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answer arms Bard Bardolph Bast bear better blood Boling Bolingbroke breath brother comes cousin crown dead death doth duke editions England English Enter Exeunt Exit eyes face fair faith Falstaff father fear folio follow France French friends give grace hand Harry hast hath head hear heart heaven Henry hold honour horse Host I'll John keep king Lady land leave live look lord majesty Malone master means meet never night noble North old copies omits once passage peace Percy Pist play Poins poor pray prince printed quarto reason Rich Richard SCENE seems sense Shakespeare sir John soldiers soul speak stand sweet sword tell thee thing thou thou art thought tongue true York
Page 167 - All murder'd: for within the hollow crown That rounds the mortal temples of a king Keeps Death his court, and there the antic sits, Scoffing his state and grinning at his pomp, Allowing him a breath, a little scene, To monarchize, be fear'd, and kill with looks, Infusing him with self and vain conceit, As if this flesh which walls about our life Were brass impregnable; and humour'd thus Comes at the last, and with a little pin Bores through his castle wall, and — farewell king!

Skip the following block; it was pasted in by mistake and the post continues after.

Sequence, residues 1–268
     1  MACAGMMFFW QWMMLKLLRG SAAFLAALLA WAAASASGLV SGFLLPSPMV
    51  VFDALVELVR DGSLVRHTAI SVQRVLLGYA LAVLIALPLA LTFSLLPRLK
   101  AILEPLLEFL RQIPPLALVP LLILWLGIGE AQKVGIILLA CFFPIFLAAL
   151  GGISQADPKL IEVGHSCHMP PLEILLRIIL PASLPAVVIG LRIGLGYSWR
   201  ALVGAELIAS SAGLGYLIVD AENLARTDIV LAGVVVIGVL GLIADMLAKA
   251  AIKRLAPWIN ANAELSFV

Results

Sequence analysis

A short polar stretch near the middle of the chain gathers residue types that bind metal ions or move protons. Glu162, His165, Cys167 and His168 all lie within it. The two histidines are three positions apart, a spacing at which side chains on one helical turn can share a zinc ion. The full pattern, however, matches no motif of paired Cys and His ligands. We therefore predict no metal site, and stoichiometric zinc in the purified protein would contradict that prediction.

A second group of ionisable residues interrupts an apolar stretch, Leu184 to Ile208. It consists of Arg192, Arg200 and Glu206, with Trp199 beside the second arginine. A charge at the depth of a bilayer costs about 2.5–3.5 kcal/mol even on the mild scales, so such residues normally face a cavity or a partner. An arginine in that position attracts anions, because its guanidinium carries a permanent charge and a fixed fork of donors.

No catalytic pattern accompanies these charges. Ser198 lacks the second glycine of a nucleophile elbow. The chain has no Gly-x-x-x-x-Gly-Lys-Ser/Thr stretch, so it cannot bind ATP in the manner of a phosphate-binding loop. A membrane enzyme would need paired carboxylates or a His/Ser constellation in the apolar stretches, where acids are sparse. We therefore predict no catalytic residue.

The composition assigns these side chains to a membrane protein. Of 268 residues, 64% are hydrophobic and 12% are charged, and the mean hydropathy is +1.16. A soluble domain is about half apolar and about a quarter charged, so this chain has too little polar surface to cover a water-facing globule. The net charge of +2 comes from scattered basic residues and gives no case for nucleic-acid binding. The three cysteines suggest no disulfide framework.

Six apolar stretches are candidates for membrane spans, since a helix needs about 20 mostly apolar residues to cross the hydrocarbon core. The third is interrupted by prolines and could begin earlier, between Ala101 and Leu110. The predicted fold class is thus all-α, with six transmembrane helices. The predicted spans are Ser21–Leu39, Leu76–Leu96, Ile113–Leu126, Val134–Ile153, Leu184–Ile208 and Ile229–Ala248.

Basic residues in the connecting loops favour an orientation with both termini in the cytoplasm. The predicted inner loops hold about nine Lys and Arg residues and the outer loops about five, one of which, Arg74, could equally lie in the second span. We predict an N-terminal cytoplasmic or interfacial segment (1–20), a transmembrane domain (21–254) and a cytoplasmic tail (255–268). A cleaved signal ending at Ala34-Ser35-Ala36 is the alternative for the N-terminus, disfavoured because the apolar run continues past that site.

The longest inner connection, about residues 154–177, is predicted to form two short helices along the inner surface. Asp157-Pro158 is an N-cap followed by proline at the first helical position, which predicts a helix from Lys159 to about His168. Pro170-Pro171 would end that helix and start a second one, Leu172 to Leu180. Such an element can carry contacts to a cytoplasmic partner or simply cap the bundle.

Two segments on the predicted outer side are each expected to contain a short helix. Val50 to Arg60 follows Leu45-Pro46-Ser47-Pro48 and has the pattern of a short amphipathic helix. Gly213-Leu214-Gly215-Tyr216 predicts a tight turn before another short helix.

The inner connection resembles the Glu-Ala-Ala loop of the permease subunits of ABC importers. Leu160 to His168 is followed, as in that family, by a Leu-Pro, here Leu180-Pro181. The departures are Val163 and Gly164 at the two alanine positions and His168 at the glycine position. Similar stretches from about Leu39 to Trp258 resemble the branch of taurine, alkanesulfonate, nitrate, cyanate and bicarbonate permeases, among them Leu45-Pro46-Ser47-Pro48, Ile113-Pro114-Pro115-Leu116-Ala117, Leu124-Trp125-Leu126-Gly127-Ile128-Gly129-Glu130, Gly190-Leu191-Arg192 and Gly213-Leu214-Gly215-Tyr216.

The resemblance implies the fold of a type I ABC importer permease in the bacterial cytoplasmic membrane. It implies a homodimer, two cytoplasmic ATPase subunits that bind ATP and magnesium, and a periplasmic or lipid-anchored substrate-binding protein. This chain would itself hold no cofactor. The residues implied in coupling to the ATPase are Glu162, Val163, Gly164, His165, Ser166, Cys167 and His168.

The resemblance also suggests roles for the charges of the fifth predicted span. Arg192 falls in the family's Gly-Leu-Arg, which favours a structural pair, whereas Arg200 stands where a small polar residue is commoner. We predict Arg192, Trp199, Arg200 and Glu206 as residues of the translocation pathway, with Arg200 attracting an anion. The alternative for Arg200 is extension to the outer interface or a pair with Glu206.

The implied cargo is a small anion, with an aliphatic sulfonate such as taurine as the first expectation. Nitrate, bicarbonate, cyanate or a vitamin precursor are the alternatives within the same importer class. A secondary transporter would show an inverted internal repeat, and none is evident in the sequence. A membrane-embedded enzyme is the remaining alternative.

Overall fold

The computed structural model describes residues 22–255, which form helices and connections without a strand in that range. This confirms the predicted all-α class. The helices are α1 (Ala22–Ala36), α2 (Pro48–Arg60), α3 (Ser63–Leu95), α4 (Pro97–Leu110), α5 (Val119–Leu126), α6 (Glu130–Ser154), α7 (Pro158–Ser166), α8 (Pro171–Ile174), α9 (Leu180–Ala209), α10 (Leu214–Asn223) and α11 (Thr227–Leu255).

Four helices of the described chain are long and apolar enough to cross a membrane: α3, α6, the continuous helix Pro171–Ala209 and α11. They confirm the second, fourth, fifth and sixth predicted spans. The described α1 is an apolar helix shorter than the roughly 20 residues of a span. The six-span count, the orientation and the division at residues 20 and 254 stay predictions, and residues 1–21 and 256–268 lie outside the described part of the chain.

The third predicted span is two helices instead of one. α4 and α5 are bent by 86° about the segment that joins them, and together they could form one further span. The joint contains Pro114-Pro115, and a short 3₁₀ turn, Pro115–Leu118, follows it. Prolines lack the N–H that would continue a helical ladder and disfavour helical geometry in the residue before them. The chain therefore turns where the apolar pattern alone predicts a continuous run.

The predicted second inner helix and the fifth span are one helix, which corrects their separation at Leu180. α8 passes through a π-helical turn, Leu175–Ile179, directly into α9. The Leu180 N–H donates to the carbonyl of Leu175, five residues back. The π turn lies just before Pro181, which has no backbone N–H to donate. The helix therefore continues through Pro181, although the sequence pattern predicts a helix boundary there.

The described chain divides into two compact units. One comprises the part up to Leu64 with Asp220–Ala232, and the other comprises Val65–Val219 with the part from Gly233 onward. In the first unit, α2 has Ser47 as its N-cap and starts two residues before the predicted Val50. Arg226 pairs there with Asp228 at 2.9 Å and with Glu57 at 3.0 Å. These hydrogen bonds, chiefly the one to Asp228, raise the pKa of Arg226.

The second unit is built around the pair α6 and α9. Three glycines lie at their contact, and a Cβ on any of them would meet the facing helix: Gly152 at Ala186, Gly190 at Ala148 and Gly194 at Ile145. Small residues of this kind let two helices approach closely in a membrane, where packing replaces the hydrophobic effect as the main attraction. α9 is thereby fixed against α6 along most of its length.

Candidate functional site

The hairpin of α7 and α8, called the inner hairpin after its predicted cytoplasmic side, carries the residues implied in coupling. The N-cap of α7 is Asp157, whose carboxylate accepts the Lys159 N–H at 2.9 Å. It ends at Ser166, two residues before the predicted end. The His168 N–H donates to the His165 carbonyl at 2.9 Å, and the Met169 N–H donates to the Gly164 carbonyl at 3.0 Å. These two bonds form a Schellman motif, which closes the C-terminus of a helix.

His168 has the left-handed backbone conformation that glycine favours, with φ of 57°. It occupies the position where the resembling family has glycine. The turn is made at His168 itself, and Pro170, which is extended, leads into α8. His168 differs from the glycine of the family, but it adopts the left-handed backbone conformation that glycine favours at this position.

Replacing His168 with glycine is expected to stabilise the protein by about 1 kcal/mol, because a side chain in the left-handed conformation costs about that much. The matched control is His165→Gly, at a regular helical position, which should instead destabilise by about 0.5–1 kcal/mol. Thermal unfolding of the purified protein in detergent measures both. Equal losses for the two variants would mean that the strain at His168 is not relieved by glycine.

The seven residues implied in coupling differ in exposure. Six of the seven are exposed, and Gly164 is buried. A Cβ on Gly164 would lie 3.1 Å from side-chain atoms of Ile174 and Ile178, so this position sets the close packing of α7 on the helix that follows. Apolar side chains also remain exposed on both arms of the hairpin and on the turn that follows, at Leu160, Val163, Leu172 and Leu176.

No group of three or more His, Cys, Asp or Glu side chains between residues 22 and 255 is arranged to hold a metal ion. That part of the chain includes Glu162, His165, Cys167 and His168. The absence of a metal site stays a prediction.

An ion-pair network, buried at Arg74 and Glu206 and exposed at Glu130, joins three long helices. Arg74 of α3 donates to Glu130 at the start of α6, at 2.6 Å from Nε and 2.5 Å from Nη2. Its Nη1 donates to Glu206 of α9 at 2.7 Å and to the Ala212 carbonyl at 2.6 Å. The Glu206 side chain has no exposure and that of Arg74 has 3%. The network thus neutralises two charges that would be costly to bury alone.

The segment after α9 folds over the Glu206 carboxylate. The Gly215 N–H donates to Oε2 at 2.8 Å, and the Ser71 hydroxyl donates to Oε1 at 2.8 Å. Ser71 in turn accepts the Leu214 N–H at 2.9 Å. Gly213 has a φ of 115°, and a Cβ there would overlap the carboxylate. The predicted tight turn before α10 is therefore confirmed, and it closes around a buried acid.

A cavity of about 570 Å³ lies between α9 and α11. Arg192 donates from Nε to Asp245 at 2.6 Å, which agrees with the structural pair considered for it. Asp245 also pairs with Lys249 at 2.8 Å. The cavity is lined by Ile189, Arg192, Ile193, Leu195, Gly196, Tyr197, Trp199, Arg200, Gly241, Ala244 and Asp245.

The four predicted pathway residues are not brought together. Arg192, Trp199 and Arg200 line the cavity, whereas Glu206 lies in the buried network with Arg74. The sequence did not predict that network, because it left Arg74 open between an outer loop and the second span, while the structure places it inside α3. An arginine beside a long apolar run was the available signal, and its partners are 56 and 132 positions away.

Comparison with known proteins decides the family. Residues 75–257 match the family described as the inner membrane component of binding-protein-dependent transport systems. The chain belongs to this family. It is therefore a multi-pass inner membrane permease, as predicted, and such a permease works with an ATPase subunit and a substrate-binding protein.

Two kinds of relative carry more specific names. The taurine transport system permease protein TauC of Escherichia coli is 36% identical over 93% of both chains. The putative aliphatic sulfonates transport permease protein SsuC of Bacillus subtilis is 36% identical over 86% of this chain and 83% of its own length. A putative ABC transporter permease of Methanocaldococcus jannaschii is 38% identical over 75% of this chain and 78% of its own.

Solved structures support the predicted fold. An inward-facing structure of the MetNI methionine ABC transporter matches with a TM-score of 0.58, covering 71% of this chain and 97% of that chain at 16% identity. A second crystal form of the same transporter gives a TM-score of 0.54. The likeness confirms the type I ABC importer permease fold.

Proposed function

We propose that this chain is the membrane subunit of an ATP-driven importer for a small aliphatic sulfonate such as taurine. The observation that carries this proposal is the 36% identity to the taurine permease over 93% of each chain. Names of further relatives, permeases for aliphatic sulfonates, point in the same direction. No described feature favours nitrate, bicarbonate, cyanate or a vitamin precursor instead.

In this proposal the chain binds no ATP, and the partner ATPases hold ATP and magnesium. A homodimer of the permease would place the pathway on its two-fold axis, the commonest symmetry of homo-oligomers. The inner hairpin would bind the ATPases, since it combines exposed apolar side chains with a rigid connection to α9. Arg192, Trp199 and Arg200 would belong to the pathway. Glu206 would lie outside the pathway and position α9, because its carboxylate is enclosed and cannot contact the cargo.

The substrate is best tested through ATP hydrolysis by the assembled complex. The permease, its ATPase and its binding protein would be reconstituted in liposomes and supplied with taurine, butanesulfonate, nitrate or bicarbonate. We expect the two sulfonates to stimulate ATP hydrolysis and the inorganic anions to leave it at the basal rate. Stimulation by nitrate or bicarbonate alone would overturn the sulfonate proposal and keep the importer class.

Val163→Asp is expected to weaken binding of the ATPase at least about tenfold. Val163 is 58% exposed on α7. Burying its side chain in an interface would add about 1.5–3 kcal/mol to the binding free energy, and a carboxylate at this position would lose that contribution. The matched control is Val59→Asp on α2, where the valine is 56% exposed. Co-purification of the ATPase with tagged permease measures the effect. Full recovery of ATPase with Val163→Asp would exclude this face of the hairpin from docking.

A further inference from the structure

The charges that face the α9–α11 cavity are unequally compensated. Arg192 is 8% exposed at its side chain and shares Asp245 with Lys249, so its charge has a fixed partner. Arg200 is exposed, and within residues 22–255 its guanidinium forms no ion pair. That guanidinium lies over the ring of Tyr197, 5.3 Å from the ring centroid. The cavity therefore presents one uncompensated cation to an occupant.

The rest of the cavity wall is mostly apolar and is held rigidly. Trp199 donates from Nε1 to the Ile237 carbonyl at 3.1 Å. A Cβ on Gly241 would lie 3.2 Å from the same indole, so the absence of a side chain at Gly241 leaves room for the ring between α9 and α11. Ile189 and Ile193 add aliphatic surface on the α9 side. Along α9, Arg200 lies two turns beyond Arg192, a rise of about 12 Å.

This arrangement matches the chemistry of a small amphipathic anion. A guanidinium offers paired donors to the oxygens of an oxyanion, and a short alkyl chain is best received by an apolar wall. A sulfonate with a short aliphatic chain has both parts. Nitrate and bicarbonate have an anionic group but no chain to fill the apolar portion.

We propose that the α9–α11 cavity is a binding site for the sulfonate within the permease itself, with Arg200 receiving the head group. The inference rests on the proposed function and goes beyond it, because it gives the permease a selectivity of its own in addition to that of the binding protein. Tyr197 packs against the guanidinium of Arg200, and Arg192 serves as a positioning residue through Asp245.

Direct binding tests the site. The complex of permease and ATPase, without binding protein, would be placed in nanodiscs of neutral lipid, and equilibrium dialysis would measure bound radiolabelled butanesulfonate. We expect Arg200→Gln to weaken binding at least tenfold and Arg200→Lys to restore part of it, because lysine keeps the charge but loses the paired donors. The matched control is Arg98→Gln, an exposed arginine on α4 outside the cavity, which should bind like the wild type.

Page 320 - tis no matter; Honour pricks me on. Yea, but how if honour prick me off when I come on, how then ? Can honour set to a leg ? No. Or an arm ? No. Or take away the grief of a wound? No. Honour hath no skill in surgery then ? No. What is honour? A word. What is in that word, honour ? What is that honour ? Air. A trim reckoning ! — Who hath it ? He that died o
Page 560 - Like to the senators of th' antique Rome, With the plebeians swarming at their heels, Go forth, and fetch their conquering Caesar in : As, by a lower but by loving likelihood, Were now the general of our gracious empress (As in good time he may) from Ireland coming, Bringing rebellion broached on his sword, How many would the peaceful city quit, To welcome him ! much more, and much more cause, Did they this Harry.
Page 236 - I'll sup. Farewell. Poins. Farewell, my lord. [Exit POINS. P. Hen, I know you all, and will a while uphold The unyok'd humour of your idleness : Yet herein will I imitate the sun, Who doth permit the base contagious clouds To smother up his beauty from the world, That when he please again to be himself, Being wanted, he may be more wonder'd at, By breaking through the foul and ugly mists Of vapours, that did seem to strangle him.
Page 540 - Be in their flowing cups freshly remember'd. This story shall the good man teach his son ; And Crispin Crispian shall ne'er go by, From this day to the ending of the world, But we in it shall be remembered...